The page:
A memorial service will be held celebrating Daryl's life at 11 a.m. on Thursday, Dec. 30, at the VFW Hall in Glenns Ferry. Cremation was under the direction of Rost Funeral Home, McMurtrey Chapel in Mountain Home.
Daryl was born at home on a farm in Marshall County, Kan., near Oketo on Dec. 5, 1921. He was the third of nine children. His father farmed 320 acres using horse-drawn equipment.
When Daryl was 6 years old, his dad bought an Icelandic pony for the kids to ride to school and to use in hunting coyotes. Daryl's love of horses was established early.
When Daryl was 84, he made a trip to Iceland where he rode over 50 miles on Icelandic ponies, fulfilling a longtime dream.
When Daryl was 18 years old, he went to California with a cousin to find work. He ended up as a welder in the Bethlehem Steel Shipyard in San Pedro.
His Kansas sweetheart, Jeannette Olson of Beattie, Kan., joined him in California, where they married in July 1942. In October of that year, he volunteered to join the US Army Air Corps thinking he could continue as a welder. Instead, he ended up in Italy as a sheet metal specialist patching bullet holes in airplanes during WW II. He returned to the states in November 1945. Daryl was proud of his service in the war and was an active supporter of the VFW.
Daryl and Jeannette had two children by that time. The family moved to Jerome, where Daryl's dad had resettled. Daryl worked for his dad about one year and then went to work for himself cutting timber on Trail Creek above
Sun Valley. This led him into the construction business, building log homes in Jerome. He operated his construction business until 1962, building numerous homes, commercial buildings, churches and other buildings in Jerome and surrounding area.
While in Jerome, Daryl was active in Kiwanis, Toastmasters, the Jerome Posse, and First Christian Church. During those years, Daryl and Jeannette added three more children to their family.
In 1962, Daryl realized a life-long dream by trading some Jerome property for a cattle ranch in Owyhee County across the Snake River from Hammett. He continued in the construction business for several years to subsidize the ranch income. But his real love was working the ranch, the cattle, and especially, the horses.
Daryl was one of the founding members of the Glenns Ferry Grazing Association, which purchased and operated a ranch in Owyhee County. Some of his fondest memories were of the hours spent riding his favorite horses, Ginger, Pal, Juniper and King, in the Owyhee range of the Glenns Ferry Grazing Association ranch and riding behind the home ranch up Saylor Creek.
In 1992, Daryl sold his interest in the Glenns Ferry Grazing Association and semi-retired in Hammett with three horses, including his faithful King, and a few cows.
When the Three Island Crossing reenactment at Glenns Ferry was started, Daryl was an active, enthusiastic participant, crossing the Snake River on horseback from 1988-1992. During the winter of 1992-93, Daryl researched the ferry that had been an integral part of the pioneer's crossing the river there, giving Glenns Ferry its name. In 1993, Daryl supervised the construction of a 32-foot replica of the original current-powered-ferry with an all volunteer crew and all donated materials. He then served as "ferry pilot" for 10 years during the annual reenactment of the crossing until the ferry was retired.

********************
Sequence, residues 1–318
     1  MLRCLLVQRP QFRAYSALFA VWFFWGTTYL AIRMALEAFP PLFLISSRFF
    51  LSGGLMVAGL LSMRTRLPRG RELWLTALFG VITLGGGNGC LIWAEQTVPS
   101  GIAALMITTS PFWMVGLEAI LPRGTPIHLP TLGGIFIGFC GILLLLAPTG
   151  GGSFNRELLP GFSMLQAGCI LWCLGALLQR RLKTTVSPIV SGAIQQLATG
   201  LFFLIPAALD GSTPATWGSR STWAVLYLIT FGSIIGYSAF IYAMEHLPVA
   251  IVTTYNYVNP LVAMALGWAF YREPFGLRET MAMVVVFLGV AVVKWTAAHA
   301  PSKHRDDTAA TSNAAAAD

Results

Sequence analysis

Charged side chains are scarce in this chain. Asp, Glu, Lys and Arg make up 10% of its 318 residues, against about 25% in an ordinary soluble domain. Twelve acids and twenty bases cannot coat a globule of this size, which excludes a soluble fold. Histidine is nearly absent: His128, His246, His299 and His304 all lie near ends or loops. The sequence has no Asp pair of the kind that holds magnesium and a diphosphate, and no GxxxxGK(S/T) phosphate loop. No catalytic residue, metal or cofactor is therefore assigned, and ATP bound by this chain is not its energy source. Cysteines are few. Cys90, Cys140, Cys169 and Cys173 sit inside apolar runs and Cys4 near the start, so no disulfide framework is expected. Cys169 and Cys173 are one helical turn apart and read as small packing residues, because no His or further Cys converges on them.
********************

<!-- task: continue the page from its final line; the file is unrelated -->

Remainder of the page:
Daryl was chairman of the Three Island Crossing Committee from 1995-1997 and was a volunteer member of the committee until 2009. Passing on the history of the area, especially to school children, was very important to him.
Daryl was an active participant and supporter of the Hammett Community Church. He assisted in the initial construction of the original church made from used railroad ties. He served as an elder for many years and was particularly interested in developing a youth center at the church.
Closely associated with Daryl's love of horses was his love of hunting.
Starting in the late 1940s and continuing for over 50 years, Daryl looked forward to an annual hunting trip into the Selway Wilderness area of Idaho with his group of trusted hunting partners. Everyone who knows Daryl has heard many a tale about the elk that got away, the difficulty in packing out the ones they got, and the appreciation he had for the great horses he took on hunting trips over the years.
Daryl was a story teller and his family and friends will miss hearing all of the stories from his life.
Daryl is survived by his loving wife of 68 years, Jeannette, and by his five children, Jerry (Anne Perkins) Keck of Helena, Mont., Darlene Rolley of Boise, Bob (Sharon) Keck of Caldwell, Diana (Rocky) Dillenburg of Pendleton, Ore., and Kevin (Cathie) Keck of Silver Peak, Nev., 14 grandchildren and 16 great-grandchildren. He is also survived by three sisters, Dolores Varland of Morris, Ill., Dorothy Griffee of Marysville, Kan., and DeeDee Axelton of North Bend, Ore., and one brother, Duane Keck, of Mary Esther, Fla., plus numerous nieces and nephews.
He was preceded in death by his parents and four brothers. Memorials may be made in Daryl's memory to the Hammett Community Church Youth Center, at Hammett Community Church, 9223 Church St., Hammett, ID 93627, or to the charity of your choice.